To be a better investor, look more closely at your benchmarks

Assessing and improving performance calls for added scrutiny – both of the indices being used and the data they yield.

Benchmarking is no longer a one-size-fits-all proposition. In fact, a white paper released by research firm MSCI this week questions whether investors are using the appropriate benchmark in the first place.

While broad-market indices are widely used, for example, they are best-suited for investors that can invest directly in assets. Other investors, meanwhile, can benefit from using more focused peer-group indices that assess performance at the fund level, asset level or even tenant level.

Using a more focused benchmark – which results from first determining a clear investment strategy and then a relevant risk-return profile – therefore can help investors better align teams and avoid inaccurate comparisons between portfolios and markets. Will Robson, global head of applied real estate research at MSCI, told PERE that misalignment can lead to undue punishments or rewards for managers and investment teams. “It can cause governance failures where responsibilities aren’t clear,” he said.

Using the appropriate benchmark goes hand in hand with making more in-depth performance assessments. Indeed, there are now myriad ways benchmarks can be used to monitor performance, set targets and better understand market movements.

As real estate has become integral to most institutional portfolios, investors can no longer justify the “set-and-forget” mentality that was once pervasive in the asset class, the report notes. While annual returns might meet or beat absolute targets, an investor that simply accepts them at face value loses the opportunity to gain crucial insight on its property portfolio.

For instance, an investor can learn more about the performance of their investments through attribution analysis, which isolates the various components of a return, such as property value, leverage and segment allocation. Such breakdowns spell out why an investment is or is not performing as expected and informs the investor about how to approach decision making in the future.

Unsurprisingly, investors are often driving the conversation on benchmarks and in some cases, crafting their own evaluation tool sets. Those with the ability and wherewithal can use their findings to optimize their investments and investment teams.

One European gatekeeper tells PERE its investors have taken a keener interest in what indices it uses to evaluate its investments, asking why one benchmark is used over another. The California State Teachers Retirement System, meanwhile, has 512 benchmarks across asset classes to measure investment performance, according to its March 28 meeting documents. That number is expected to increase as CalSTRS adds more strategies to its portfolio.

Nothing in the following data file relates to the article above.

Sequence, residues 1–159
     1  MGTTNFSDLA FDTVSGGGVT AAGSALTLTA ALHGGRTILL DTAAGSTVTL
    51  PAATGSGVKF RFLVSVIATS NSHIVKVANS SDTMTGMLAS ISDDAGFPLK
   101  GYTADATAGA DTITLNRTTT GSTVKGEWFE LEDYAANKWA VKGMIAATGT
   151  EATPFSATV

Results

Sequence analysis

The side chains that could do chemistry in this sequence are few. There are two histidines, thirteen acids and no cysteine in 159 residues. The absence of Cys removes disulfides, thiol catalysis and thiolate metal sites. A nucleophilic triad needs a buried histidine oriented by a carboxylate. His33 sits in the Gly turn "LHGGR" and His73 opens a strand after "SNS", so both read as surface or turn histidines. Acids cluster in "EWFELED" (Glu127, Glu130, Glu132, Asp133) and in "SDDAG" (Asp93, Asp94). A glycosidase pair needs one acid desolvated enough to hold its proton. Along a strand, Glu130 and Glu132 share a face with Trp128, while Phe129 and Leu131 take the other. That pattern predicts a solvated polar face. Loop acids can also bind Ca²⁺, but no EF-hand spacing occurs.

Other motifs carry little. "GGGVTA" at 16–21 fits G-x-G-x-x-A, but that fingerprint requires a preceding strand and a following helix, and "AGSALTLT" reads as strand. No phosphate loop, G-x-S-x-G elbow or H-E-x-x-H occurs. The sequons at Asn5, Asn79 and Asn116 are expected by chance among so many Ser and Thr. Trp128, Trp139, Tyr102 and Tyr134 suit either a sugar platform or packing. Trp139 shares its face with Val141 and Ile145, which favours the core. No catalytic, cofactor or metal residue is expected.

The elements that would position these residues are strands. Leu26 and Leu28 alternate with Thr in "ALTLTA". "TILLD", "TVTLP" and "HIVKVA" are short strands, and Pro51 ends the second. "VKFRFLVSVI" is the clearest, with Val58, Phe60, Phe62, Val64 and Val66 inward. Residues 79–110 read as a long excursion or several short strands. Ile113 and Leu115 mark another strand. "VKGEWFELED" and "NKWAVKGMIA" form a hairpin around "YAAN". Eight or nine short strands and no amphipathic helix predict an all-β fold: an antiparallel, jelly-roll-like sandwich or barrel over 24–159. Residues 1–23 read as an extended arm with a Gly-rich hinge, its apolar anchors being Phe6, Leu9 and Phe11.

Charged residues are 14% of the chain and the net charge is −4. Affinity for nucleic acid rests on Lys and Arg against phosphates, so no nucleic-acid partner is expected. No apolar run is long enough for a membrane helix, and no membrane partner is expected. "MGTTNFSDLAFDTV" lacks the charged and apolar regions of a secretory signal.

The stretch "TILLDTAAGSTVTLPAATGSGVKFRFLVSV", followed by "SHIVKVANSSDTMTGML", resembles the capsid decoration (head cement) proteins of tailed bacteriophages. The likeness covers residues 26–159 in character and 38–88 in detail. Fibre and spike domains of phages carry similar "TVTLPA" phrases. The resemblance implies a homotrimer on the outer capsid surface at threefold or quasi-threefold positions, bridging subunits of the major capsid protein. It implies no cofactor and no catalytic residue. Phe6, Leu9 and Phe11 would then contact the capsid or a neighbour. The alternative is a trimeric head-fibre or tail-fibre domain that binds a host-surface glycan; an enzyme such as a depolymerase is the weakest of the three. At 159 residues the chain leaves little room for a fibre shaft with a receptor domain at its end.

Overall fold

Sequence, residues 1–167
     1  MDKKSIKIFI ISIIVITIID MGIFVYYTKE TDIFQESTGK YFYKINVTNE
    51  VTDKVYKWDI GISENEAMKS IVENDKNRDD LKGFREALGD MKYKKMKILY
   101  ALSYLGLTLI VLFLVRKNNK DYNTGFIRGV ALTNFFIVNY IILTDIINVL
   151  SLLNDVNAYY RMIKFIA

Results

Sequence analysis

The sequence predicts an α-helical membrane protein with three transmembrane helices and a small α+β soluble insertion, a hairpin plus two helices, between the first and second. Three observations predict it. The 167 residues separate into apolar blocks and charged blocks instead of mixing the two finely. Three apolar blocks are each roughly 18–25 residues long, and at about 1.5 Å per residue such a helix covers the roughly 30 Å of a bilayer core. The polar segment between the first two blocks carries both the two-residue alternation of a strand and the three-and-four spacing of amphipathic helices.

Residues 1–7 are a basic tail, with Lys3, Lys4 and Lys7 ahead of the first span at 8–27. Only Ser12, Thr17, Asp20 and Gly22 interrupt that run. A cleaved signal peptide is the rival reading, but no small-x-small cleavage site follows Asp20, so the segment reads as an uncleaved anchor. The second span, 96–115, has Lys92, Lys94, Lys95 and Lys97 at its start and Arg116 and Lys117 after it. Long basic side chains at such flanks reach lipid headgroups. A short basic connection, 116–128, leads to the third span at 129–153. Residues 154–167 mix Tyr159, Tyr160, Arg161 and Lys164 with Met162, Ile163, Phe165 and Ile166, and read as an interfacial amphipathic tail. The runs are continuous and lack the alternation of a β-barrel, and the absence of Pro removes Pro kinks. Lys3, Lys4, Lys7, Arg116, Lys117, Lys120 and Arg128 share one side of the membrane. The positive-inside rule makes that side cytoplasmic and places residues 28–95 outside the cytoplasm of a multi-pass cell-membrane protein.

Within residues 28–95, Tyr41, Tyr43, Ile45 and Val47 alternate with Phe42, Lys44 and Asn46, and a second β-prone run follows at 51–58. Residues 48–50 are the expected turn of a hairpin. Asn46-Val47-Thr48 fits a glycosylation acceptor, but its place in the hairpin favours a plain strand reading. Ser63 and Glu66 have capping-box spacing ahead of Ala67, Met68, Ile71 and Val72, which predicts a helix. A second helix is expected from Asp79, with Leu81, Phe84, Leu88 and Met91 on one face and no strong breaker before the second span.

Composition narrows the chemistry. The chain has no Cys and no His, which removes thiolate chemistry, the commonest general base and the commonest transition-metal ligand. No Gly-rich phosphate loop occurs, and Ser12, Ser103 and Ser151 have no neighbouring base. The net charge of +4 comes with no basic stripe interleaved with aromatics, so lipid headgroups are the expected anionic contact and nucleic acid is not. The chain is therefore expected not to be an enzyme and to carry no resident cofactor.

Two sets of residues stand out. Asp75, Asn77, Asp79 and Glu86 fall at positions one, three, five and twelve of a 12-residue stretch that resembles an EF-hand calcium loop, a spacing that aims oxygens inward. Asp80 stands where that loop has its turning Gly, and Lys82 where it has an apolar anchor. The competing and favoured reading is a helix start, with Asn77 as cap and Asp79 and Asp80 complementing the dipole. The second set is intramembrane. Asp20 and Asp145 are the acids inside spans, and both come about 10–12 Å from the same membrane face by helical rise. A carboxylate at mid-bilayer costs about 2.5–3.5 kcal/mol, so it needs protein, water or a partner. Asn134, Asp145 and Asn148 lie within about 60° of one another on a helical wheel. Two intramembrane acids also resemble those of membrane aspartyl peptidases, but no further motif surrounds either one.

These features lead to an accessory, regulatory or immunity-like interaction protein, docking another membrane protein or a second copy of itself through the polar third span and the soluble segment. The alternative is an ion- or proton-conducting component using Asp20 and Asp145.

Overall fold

MSCI is attempting to meet this demand for greater benchmarking by giving investors the ability to layer indices on top of one another, tracking asset-level, sector-specific and regional performance. Other research firms are also coming up with ways to delve deeper into performance numbers. INREV launched a pan-European asset-level index last month and NCREIF is working on new products as well. Larger, more sophisticated investors are using bespoke indices to benchmark performance.

Opaqueness and asset variability are longstanding hurdles to assessing the private real estate market but those challenges have been addressed partly by advancements in technology and a growing willingness among investors to share performance figures with third parties. But while comparison tools now offer more insight into investments, there is still room for improvement. Standards are only as reliable as the data behind them and in a private market, that depends on these voluntary disclosures.

Also, investors chasing niche strategies may find comparable peer groups hard to come by and indices that do exist come at a cost. Even investors that share performance figures with firms such as MSCI and INREV must pay to access it in aggregate.

While there is work to be done to optimize benchmarking, the proliferation of available benchmarks alone is a move in the right direction for the market. As real estate matures as an asset class, it is only appropriate that the tools used to shape it do the same.

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